Algebra Tutorials!
Friday 12th of July
Calculations with Negative Numbers
Solving Linear Equations
Systems of Linear Equations
Solving Linear Equations Graphically
Algebra Expressions
Evaluating Expressions and Solving Equations
Fraction rules
Factoring Quadratic Trinomials
Multiplying and Dividing Fractions
Dividing Decimals by Whole Numbers
Adding and Subtracting Radicals
Subtracting Fractions
Factoring Polynomials by Grouping
Slopes of Perpendicular Lines
Linear Equations
Roots - Radicals 1
Graph of a Line
Sum of the Roots of a Quadratic
Writing Linear Equations Using Slope and Point
Factoring Trinomials with Leading Coefficient 1
Writing Linear Equations Using Slope and Point
Simplifying Expressions with Negative Exponents
Solving Equations 3
Solving Quadratic Equations
Parent and Family Graphs
Collecting Like Terms
nth Roots
Power of a Quotient Property of Exponents
Adding and Subtracting Fractions
Solving Linear Systems of Equations by Elimination
The Quadratic Formula
Fractions and Mixed Numbers
Solving Rational Equations
Multiplying Special Binomials
Rounding Numbers
Factoring by Grouping
Polar Form of a Complex Number
Solving Quadratic Equations
Simplifying Complex Fractions
Common Logs
Operations on Signed Numbers
Multiplying Fractions in General
Dividing Polynomials
Higher Degrees and Variable Exponents
Solving Quadratic Inequalities with a Sign Graph
Writing a Rational Expression in Lowest Terms
Solving Quadratic Inequalities with a Sign Graph
Solving Linear Equations
The Square of a Binomial
Properties of Negative Exponents
Inverse Functions
Rotating an Ellipse
Multiplying Numbers
Linear Equations
Solving Equations with One Log Term
Combining Operations
The Ellipse
Straight Lines
Graphing Inequalities in Two Variables
Solving Trigonometric Equations
Adding and Subtracting Fractions
Simple Trinomials as Products of Binomials
Ratios and Proportions
Solving Equations
Multiplying and Dividing Fractions 2
Rational Numbers
Difference of Two Squares
Factoring Polynomials by Grouping
Solving Equations That Contain Rational Expressions
Solving Quadratic Equations
Dividing and Subtracting Rational Expressions
Square Roots and Real Numbers
Order of Operations
Solving Nonlinear Equations by Substitution
The Distance and Midpoint Formulas
Linear Equations
Graphing Using x- and y- Intercepts
Properties of Exponents
Solving Quadratic Equations
Solving One-Step Equations Using Algebra
Relatively Prime Numbers
Solving a Quadratic Inequality with Two Solutions
Operations on Radicals
Factoring a Difference of Two Squares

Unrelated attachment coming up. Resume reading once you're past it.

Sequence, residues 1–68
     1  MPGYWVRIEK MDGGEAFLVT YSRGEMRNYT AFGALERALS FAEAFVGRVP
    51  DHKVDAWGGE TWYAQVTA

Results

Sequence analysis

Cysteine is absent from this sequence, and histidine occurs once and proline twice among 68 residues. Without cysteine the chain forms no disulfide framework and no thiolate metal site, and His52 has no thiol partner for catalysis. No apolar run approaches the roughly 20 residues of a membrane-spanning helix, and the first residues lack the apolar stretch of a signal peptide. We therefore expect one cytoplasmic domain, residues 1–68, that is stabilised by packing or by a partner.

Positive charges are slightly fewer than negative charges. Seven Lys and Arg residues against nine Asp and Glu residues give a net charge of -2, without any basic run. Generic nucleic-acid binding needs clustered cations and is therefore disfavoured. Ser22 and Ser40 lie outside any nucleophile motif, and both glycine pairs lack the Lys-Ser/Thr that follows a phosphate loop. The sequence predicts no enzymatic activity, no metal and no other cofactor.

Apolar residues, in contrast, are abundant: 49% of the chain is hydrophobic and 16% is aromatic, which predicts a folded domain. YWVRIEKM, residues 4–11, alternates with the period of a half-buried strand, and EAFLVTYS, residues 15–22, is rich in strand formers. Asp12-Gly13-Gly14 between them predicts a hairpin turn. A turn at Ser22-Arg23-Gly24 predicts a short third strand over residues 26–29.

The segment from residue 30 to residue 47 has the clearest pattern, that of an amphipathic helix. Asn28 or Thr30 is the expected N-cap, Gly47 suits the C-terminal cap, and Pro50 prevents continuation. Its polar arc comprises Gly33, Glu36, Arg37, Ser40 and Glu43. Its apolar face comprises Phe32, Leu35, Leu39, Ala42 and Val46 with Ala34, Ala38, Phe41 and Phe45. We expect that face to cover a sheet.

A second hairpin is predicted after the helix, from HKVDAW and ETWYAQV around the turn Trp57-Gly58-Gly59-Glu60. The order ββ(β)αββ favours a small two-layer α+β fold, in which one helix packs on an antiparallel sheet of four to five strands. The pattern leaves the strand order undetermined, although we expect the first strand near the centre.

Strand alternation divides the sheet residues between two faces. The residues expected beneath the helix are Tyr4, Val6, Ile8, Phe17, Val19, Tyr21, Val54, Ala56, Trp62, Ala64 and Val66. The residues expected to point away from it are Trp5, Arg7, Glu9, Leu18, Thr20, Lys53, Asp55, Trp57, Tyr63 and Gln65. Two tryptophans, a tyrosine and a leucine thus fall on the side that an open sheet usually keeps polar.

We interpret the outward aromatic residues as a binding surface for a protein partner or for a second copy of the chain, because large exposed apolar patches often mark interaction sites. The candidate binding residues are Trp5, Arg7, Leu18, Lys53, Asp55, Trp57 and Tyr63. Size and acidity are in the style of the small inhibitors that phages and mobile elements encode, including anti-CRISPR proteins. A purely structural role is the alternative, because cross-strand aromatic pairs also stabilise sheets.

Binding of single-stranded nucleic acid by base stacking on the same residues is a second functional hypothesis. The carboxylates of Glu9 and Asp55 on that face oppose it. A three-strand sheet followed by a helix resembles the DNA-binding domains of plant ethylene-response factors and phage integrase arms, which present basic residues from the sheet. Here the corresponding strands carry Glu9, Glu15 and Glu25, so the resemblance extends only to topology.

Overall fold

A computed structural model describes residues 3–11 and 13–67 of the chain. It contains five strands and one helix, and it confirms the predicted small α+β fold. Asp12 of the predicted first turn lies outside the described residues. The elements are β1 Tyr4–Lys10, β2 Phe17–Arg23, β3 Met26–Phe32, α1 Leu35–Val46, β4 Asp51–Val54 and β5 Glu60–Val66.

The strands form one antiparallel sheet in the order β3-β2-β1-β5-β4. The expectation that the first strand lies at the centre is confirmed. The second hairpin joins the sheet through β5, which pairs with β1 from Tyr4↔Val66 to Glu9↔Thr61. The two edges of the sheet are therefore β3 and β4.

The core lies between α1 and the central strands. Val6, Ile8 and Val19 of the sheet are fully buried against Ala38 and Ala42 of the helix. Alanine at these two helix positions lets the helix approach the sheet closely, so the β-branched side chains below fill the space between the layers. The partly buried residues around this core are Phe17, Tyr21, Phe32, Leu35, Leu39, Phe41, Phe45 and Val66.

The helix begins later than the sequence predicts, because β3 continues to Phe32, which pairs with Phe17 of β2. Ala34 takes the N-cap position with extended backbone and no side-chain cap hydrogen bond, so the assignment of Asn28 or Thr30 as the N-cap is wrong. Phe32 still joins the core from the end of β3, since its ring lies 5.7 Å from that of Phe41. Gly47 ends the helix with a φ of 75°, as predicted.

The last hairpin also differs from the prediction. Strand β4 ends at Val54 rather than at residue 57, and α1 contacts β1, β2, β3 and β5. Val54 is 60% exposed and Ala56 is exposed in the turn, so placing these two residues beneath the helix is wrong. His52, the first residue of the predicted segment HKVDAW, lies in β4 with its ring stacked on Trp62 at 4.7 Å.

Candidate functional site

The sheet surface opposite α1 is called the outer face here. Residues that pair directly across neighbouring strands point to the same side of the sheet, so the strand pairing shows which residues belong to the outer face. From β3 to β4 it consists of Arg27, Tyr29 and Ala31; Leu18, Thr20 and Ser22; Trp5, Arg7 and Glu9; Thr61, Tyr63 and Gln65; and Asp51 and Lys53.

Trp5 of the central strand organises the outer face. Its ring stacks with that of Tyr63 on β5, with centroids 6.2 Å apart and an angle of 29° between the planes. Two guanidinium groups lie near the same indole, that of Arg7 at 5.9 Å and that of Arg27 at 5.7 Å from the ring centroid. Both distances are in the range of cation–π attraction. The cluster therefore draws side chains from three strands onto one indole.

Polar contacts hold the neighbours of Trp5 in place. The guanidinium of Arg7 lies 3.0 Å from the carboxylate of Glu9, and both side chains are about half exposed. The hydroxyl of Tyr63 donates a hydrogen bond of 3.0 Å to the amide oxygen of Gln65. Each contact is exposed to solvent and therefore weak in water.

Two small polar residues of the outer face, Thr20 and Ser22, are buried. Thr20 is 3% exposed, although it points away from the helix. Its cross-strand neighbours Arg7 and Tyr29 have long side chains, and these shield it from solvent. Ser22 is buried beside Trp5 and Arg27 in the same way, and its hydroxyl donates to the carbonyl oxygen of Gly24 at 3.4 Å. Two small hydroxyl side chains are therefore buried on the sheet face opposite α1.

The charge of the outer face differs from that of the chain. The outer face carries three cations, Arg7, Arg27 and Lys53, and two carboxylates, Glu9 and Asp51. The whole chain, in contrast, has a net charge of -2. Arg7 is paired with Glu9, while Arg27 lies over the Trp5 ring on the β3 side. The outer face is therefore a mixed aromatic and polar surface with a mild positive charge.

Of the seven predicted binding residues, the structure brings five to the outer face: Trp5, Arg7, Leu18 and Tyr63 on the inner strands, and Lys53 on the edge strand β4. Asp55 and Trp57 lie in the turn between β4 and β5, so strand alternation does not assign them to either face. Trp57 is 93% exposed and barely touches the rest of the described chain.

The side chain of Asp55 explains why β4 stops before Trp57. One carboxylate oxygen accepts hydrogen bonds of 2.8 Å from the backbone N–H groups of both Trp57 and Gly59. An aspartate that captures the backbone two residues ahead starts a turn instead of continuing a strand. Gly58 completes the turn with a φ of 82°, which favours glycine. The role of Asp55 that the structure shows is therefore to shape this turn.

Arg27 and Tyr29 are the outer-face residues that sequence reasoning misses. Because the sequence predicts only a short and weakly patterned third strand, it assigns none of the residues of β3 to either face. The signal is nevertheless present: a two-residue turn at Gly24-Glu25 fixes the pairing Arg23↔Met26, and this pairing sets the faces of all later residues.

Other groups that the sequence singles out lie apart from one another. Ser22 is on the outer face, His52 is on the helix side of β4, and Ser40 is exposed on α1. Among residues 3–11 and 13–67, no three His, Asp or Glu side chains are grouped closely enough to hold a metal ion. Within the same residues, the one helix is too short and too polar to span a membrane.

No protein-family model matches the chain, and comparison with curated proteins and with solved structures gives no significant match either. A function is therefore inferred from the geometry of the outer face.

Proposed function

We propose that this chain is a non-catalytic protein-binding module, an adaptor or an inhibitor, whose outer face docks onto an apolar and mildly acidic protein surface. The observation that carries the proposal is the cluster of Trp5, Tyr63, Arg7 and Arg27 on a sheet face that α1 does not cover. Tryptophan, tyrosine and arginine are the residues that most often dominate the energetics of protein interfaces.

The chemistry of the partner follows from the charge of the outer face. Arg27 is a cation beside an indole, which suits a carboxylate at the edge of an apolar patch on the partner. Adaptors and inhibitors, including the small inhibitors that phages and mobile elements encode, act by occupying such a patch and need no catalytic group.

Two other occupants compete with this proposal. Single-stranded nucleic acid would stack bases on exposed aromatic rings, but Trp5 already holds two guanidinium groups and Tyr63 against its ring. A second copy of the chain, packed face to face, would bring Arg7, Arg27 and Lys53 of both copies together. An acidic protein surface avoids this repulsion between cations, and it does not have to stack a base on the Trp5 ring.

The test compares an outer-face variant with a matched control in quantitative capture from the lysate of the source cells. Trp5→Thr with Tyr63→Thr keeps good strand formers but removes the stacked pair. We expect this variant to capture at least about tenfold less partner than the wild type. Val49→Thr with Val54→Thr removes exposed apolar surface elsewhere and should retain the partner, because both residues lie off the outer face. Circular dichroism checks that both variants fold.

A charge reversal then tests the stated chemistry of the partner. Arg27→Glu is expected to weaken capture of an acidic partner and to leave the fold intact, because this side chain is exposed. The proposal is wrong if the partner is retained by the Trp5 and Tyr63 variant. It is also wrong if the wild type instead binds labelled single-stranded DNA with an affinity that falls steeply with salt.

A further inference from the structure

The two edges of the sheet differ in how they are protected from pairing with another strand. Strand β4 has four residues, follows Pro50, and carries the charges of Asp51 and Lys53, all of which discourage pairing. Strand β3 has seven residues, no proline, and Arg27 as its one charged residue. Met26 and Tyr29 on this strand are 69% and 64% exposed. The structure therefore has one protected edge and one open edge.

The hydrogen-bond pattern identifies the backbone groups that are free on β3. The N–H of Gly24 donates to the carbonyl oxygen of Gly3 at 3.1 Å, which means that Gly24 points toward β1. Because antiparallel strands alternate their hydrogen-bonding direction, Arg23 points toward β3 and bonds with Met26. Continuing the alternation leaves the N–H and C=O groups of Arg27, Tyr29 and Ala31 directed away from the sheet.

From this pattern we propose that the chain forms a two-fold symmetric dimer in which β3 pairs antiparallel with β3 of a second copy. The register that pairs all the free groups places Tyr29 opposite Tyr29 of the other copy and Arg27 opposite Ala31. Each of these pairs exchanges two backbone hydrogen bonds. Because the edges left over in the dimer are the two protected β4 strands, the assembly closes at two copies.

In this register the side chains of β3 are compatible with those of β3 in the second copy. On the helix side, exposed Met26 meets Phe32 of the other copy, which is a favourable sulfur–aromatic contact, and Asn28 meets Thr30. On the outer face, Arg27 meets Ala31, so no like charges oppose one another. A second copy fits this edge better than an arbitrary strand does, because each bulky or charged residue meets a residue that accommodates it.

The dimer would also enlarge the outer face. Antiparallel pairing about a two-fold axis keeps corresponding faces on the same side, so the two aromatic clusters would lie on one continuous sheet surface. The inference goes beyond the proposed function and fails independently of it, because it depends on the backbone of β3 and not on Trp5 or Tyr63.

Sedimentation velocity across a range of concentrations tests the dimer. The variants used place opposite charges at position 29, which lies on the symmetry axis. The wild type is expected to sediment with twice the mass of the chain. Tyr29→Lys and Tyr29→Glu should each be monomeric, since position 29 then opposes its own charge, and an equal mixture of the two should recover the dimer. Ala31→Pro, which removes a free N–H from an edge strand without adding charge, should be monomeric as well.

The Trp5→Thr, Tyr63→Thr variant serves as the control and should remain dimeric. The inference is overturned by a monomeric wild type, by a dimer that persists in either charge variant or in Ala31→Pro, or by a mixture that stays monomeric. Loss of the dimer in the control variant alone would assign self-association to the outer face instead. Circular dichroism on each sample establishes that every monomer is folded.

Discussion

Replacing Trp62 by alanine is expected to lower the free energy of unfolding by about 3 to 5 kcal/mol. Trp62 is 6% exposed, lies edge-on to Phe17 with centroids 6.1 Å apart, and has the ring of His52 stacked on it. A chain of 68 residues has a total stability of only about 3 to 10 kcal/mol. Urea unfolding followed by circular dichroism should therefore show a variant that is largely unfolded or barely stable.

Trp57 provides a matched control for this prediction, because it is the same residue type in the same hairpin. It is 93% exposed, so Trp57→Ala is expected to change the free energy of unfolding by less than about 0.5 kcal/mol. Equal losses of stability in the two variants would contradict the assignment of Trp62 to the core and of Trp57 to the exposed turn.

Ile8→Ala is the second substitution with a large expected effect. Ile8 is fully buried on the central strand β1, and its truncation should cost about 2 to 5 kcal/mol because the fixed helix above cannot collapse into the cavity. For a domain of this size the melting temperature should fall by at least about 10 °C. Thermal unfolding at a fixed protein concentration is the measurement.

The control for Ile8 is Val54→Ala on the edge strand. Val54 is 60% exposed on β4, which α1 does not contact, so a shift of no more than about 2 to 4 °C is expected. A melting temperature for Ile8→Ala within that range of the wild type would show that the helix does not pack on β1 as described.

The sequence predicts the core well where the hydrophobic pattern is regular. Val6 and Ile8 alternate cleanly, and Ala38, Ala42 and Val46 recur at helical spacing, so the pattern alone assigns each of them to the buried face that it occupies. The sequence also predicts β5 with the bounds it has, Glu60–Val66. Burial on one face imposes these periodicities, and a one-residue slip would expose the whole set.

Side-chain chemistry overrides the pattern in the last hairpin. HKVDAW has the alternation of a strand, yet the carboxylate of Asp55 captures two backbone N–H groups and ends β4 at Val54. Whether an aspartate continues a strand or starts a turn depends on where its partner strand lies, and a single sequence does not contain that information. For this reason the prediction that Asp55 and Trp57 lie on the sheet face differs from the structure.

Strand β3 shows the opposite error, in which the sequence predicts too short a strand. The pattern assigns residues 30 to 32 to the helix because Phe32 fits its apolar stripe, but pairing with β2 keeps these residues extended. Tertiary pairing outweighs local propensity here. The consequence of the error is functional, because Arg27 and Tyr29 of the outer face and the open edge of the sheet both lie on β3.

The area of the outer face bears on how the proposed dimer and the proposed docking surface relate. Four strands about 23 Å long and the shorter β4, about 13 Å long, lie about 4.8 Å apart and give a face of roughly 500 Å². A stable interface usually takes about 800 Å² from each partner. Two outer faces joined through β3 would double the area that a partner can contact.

Straight Lines
Solving Quadratic Equations by Factoring
Graphing Logarithmic Functions
Simplifying Expressions Involving Variables
Adding Integers
Factoring Completely General Quadratic Trinomials
Using Patterns to Multiply Two Binomials
Adding and Subtracting Rational Expressions With Unlike Denominators
Rational Exponents
Horizontal and Vertical Lines
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The ability to work confidently with fractions, both number fractions and algebraic fractions, is an essential skill which underpins all other algebraic processes. In this leaflet we remind you of how number fractions are simplified, added, subtracted, multiplied and divided.

1. Expressing a fraction in its simplest form

In any fraction , say, the number p at the top is called the numerator. The number q at the bottom is called the denominator. The number q must never be zero. A fraction can always be expressed in different, yet equivalent forms. For example, the two fractions and are equivalent. They represent the same value. A fraction is expressed in its simplest form by cancelling any factors which are common to both the numerator and the denominator. You need to remember that factors are numbers which are multiplied together. We note that

and so there is a factor of 2 which is common to both the numerator and the denominator. This common factor can be cancelled to leave the equivalent fraction . Cancelling is equivalent to dividing the top and the bottom by the common factor.


is equivalent to since

2. Addition and subtraction of fractions

To add two fractions we first re-write each fraction so that they both have the same denominator. This denominator is chosen to be the lowest common denominator. The is the smallest number which is a multiple of both denominators. Then, the numerators only are added, and the result is divided by the lowest common denominator.






a) In this case the denominators of each fraction are already the same. The lowest common denominator is 16. We perform the addition by simply adding the numerators and dividing the result by the lowest common denominator. So, . This answer can be expressed in the simpler form by cancelling the common factor 4.

b) To add these fractions we must rewrite them so that they have the same denominator. The lowest common denominator is 16 because this is the smallest number which is a multiple of both denominators. Note that is equivalent to and so we write .




The smallest number which is a multiple of the given denominators is 30. We express each fraction with a denominator of 30.

3. Multiplication and division of fractions

Multiplication of fractions is more straightforward. We simply multiply the numerators to give a new numerator, and multiply the denominators to give a new denominator. For example

Division is performed by inverting the second fraction and then multiplying. So,

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